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Cannabidiol for the therapy of epilepsy in children with Angelman syndrome

Franjo Grotenhermen

In recent years, interest in CBD (cannabidiol) for medical purposes has increased significantly. One important indication is forms of epilepsy in children, who often respond very poorly to the usual antiepileptic medications. Today I got an enthusiastic email from the mother of a 5-year-old patient I treat with CBD, saying, "I hope you don't get too overrun with Angelman patients in the near future, but CBD is really the craze."

From the U.S. media and IACM Information, the free Internet newsletter of the Consortium for Cannabinoid Medication, CBD treatment for epilepsy in so-called Dravet syndrome has become most well known. Dravet syndrome is a genetic disorder associated with epileptic seizures, among other conditions. Another rare neuro-genetic disorder is Angelman syndrome. Today's email inspired me to introduce this second, even lesser-known syndrome and the benefits of CBD for this serious condition.

Angelman syndrome is characterized by severe intellectual impairment, sleep disturbances, epileptic seizures, thrashing movements, frequent laughter and smiling, and generally very cheerful behavior. The disorder is based on a mutation of the 15th chromosome. It seems that the neurons of children with this syndrome are formed normally, but do not function optimally. They speak little because their non verbal abilities to communicate are better than verbal abilities. They have difficulty maintaining physical balance, and walking is hindered by trembling of the extremities. The epileptic seizures usually begin before the age of three, but the developmental delays become apparent much earlier.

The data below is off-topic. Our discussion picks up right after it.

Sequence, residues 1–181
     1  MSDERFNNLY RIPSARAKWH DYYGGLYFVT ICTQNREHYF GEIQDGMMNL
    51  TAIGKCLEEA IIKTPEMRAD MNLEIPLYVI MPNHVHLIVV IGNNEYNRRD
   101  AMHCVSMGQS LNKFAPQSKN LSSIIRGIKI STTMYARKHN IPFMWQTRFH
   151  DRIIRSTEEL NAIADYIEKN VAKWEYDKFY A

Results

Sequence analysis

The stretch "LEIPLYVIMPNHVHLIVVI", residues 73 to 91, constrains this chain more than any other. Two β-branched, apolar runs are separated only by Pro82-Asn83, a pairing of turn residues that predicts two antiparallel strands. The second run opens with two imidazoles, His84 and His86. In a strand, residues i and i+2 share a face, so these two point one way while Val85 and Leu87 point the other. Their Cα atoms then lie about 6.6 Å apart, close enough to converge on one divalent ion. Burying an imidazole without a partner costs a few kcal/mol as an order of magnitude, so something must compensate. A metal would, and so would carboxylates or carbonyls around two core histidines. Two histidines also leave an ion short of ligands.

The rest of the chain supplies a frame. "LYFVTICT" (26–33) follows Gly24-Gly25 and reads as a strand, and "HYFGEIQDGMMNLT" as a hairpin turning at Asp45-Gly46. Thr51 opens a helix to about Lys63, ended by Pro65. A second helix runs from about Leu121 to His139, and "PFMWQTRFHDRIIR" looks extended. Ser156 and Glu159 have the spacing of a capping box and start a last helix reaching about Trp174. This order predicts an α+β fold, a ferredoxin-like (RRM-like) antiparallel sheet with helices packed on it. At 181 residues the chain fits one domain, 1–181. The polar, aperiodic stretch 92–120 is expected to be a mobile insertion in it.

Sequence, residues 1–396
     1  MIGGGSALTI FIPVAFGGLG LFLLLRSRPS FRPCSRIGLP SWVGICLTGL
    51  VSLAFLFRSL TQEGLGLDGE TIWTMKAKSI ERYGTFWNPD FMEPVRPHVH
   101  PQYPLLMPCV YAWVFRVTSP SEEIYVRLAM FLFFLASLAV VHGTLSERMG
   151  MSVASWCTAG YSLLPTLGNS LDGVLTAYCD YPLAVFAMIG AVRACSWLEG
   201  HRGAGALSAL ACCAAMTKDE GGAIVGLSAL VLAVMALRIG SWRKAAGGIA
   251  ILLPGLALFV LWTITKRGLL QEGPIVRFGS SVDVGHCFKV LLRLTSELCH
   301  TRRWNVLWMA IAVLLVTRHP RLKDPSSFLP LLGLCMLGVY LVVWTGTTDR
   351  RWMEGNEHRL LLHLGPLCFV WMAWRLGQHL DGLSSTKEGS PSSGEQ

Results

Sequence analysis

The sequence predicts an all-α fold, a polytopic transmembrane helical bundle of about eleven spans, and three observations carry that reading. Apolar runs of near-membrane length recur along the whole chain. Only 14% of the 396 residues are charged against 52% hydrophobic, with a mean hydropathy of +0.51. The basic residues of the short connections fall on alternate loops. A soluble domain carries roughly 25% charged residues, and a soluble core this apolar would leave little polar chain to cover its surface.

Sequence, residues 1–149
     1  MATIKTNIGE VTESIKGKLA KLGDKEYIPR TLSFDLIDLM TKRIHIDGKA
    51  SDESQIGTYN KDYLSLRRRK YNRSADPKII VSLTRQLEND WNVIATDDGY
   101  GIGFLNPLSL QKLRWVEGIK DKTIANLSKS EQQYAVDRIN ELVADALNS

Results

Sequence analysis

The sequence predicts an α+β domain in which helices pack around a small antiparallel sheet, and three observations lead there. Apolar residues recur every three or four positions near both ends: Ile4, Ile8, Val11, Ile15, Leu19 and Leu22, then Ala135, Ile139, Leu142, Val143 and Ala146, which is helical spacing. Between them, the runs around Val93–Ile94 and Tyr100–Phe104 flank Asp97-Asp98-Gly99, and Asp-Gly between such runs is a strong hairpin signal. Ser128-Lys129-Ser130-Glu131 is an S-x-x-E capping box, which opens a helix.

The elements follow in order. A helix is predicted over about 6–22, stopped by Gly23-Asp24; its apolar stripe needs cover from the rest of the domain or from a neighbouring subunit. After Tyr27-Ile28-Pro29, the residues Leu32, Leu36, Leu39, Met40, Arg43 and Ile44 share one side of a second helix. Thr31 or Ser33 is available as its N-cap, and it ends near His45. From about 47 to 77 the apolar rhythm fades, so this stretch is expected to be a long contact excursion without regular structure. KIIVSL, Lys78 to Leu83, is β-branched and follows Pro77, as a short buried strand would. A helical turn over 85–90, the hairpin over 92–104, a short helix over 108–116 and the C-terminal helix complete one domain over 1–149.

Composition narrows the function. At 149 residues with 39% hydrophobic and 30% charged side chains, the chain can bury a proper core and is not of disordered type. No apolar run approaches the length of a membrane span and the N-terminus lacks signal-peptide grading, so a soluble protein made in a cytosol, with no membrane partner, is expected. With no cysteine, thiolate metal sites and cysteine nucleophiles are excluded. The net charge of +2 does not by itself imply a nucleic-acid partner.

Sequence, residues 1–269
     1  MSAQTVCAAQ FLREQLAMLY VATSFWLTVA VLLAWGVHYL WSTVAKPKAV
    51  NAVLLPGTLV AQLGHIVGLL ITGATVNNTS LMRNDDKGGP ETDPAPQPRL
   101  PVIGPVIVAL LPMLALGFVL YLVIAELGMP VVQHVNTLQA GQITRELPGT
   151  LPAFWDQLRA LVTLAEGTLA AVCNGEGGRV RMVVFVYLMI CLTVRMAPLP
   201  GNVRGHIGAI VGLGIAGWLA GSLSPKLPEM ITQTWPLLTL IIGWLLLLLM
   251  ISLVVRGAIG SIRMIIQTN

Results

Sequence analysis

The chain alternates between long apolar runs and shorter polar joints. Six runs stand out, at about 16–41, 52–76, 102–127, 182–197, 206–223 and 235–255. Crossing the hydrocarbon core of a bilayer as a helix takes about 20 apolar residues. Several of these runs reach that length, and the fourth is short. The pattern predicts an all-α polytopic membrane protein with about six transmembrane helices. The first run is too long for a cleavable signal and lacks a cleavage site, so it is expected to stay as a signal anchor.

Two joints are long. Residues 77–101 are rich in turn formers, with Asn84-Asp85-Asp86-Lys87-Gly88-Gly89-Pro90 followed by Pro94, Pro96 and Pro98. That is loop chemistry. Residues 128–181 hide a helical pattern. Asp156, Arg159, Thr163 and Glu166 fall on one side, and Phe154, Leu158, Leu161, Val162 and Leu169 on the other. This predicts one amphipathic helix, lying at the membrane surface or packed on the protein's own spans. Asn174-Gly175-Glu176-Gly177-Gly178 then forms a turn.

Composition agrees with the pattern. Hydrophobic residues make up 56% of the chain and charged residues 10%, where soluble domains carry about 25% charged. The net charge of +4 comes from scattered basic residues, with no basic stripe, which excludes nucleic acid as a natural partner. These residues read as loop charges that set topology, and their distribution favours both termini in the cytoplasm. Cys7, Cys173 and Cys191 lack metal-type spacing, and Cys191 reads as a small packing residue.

There is no cure for these children yet. The epileptic seizures can be treated with the usual antiepileptic drugs. Often, several medications must be given together. Often, children with Angelman syndrome suffer from multiple forms of epilepsy, so it is often difficult to find an effective optimal combination of medications. As children get older, the hyperactivity, poor sleep, and frequency of epileptic seizures often decrease or disappear completely. Most adults who have Angelman syndrome are able to eat steadily by themselves and perform simple household tasks. Their general health is good and their life expectancy is not much below average.

Since the usual antiepileptic drugs are often associated with severe side effects, especially when several have to be given at the same time, there is a great need for alternatives with few side effects. Some parents of children with Angelman syndrome in the U.S. have tried this non-psychotropic cannabinoid in their children as well, based on their experience with CBD in children with Dravet syndrome. The epileptic seizures of the children of both syndromes are similar. And indeed, CBD works very well against the seizures in at least some of the Angelman syndrome patients.

Today, parents of children with rare disorders are often well connected and informed on the Internet, so that word is now spreading quickly about the possibility of cannabidiol treatment in Germany as well. CBD extracts are both available on the Internet, but many parents prefer to give their children drug-grade CBD. Doctors in Germany can prescribe cannabidiol from the Frankfurt-based company THC-Pharm on a standard private prescription. Often, doses as low as 2-3 milligrams per kilogram of body weight are effective for these children.

During the 68th Annual Congress of the American Epilepsy Society, a clinical trial was presented that evaluated the efficacy of a cannabis extract (Epidiolex) from the British company GW Pharmaceuticals that is rich in CBD (cannabidiol). The study enrolled 23 patients with treatment-resistant epilepsy, specifically Dravet syndrome, with an average age of ten years. It was conducted at two epilepsy centers in New York and in San Francisco. Patients received CBD at a constant dose of 5 mg/kg body weight in addition to their current epilepsy medications. The daily dose was slowly increased until intolerance occurred or a maximum dose of 25 mg/kg body weight was reached. After three months of treatment, 39% of patients showed a reduction in seizure frequency of more than 50%. Seizure freedom occurred in three of nine Dravet patients and one of 14 patients with other forms of epilepsy. Cannabidiol is thus significantly more effective in certain forms of epilepsy than in others.